I wanted to know how the world works
A DAAD scholarship gave Isabela Paredes Cisneros the opportunity to study clinical physics in Heidelberg and Santiago de Chile. Isabela, who comes from Colombia, is now working on her doctoral thesis and has found an effective way of coping with the culture clash.
Before she scares people off with too many scientific terms, Isabela Paredes Cisneros calls in Radio Man. He is a superhero character who can entertainingly explain how radiotherapy works and how cancer research is attempting to optimise it further. As a student, Isabela won a prize with her engaging superhero at a science slam in Heidelberg in 2018. In contrast to a poetry slam, where simple funny stories are told, a science slam is about presenting scientific facts as humorously as possible on a stage. At the end the audience votes on who has been the most successful. At the summer school organised by the German Cancer Research Center (DKFZ), Radio Man – a comic figure who swept through the presentation slides – clearly won the audience over.
26-year-old Isabela is now a doctoral candidate at the DKFZ, a renowned Heidelberg institution, and retains her passion for communicating complex facts in a lively and interesting way. “I like entertaining people,” she says. “The science slam is also a great opportunity to help the public understand science better. There are so many preconceptions when it comes to cancer. For example, many people think that chemotherapy or radiotherapy are generally a bad thing. But that’s not true. That’s why I think it’s important to explain the facts to people, and humour can be useful for this.” Isabela was able to obtain her current position as a researcher at the DKFZ thanks to a DAAD scholarship that enabled her to complete her dual Master’s degree programme in Santiago de Chile and at the University of Heidelberg. This particular cooperative programme is coordinated by the Heidelberg Center Latin America, one of the DAAD’s Centres of Excellence.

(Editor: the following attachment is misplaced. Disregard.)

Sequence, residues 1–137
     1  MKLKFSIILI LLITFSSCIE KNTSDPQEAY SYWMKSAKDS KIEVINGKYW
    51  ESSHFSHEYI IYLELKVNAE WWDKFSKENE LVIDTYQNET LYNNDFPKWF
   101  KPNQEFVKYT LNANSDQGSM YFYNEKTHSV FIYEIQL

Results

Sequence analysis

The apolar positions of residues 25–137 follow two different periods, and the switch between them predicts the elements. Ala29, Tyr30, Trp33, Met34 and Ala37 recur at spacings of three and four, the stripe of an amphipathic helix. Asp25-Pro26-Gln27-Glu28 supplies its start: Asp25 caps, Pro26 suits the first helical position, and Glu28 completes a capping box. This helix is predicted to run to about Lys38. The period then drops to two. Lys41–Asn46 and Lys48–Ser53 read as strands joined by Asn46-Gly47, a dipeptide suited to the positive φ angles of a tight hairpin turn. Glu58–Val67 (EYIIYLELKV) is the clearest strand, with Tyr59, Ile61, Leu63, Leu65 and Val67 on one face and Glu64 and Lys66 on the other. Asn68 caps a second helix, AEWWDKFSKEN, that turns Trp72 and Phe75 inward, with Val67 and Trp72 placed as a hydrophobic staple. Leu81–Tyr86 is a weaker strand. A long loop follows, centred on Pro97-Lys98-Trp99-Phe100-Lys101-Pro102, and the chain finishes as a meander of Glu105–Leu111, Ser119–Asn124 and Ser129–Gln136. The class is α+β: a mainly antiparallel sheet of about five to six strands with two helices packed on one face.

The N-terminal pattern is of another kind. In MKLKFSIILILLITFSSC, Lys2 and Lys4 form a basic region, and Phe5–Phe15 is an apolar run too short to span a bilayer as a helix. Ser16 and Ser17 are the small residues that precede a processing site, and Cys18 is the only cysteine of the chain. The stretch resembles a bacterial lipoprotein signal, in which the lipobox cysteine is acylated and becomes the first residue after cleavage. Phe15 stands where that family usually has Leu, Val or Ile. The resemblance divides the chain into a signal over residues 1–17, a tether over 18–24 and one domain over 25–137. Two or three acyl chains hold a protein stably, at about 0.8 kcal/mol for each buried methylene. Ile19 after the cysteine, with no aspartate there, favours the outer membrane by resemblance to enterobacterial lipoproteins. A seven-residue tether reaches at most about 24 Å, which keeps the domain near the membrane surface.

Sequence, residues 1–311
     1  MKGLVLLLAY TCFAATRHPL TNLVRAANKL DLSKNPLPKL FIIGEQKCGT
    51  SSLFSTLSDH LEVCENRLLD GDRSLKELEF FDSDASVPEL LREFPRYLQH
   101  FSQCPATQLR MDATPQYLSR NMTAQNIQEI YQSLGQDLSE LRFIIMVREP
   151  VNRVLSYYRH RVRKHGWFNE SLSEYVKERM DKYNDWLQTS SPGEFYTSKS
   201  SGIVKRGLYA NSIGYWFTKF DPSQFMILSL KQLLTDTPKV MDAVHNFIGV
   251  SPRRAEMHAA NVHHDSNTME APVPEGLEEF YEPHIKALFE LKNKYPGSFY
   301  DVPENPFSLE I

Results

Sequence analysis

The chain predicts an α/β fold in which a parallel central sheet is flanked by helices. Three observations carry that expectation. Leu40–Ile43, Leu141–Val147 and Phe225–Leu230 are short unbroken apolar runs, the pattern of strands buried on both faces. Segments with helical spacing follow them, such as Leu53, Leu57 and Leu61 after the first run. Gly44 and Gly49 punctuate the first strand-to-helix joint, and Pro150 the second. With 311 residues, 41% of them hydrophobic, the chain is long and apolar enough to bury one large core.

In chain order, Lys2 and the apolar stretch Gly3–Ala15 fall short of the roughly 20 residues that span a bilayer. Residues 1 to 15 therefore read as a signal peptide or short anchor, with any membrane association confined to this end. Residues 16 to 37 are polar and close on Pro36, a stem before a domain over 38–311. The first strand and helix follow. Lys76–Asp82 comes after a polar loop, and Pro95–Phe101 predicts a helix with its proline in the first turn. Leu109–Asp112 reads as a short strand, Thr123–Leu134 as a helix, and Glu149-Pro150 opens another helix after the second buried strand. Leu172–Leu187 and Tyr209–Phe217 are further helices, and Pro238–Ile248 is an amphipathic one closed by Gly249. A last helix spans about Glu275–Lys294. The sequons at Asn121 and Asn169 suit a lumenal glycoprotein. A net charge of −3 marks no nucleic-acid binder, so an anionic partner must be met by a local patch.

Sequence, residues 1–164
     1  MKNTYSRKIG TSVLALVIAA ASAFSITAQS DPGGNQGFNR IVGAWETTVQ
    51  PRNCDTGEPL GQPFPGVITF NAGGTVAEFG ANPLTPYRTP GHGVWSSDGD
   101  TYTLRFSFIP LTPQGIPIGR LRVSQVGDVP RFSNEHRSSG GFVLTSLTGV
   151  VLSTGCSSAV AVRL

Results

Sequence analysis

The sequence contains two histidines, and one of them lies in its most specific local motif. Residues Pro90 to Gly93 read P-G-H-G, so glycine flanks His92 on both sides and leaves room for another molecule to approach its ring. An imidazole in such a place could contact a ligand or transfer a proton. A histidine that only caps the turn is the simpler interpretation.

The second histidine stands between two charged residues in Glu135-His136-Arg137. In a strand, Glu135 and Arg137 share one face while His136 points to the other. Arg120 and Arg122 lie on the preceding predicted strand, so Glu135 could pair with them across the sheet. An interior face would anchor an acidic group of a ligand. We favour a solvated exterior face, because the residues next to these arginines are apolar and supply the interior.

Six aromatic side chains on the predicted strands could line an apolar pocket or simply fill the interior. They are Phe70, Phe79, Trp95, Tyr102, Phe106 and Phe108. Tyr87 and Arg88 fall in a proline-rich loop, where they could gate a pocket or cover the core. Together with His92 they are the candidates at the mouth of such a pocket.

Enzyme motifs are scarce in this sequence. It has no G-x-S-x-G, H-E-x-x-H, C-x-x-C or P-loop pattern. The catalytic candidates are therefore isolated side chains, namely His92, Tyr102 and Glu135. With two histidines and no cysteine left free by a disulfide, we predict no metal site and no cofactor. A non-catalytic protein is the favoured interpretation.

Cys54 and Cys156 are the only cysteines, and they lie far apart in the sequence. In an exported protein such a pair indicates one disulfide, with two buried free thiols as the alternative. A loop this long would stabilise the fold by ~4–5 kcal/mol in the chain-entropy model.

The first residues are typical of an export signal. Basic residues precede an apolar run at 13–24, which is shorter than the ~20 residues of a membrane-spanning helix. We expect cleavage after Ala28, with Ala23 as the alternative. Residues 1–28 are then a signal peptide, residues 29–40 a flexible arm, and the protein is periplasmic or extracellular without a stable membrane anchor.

New dates of workshop!
The workshop "Experimental Radiobiology: Physics meets Biology and Medicine" has to be postponed to March 2020. More information (program, lecturers, fees) is available here.
The Master’s program “Clinical Medical Physics” (CMP) is phased out by Sept. 30th 2019. Admission is no longer possible!
If you want to be informed about our courses in Medical Physics in the future (e.g. summer schools, further education courses etc.), please feel free to sign up for our e-mailing list via e-mail to email@example.com or have a look on the following website at the German Cancer Research Center: www.dkfz.de/medphys_edu
In September 2018, three former students of the master’s degree “Clinical Medical Physics” took part in the Science Slam at the German Cancer Research Center (DKFZ) in Heidelberg which is part of the summer school on “New Methods in Image-Guided Radiation Therapy” (www.dkfz.de/sommerschule2018).
We are pleased to report that two graduates reached first and third place. The two award winners also obtained a doctoral scholarship in Germany, thus continuing their scientific careers at the DKFZ in Heidelberg, at the Department of Medical Physics in Radiotherapy, as well as at the Berlin School of Integrative Oncology (BSIO) of the Charité Universitätsmedizin in Berlin.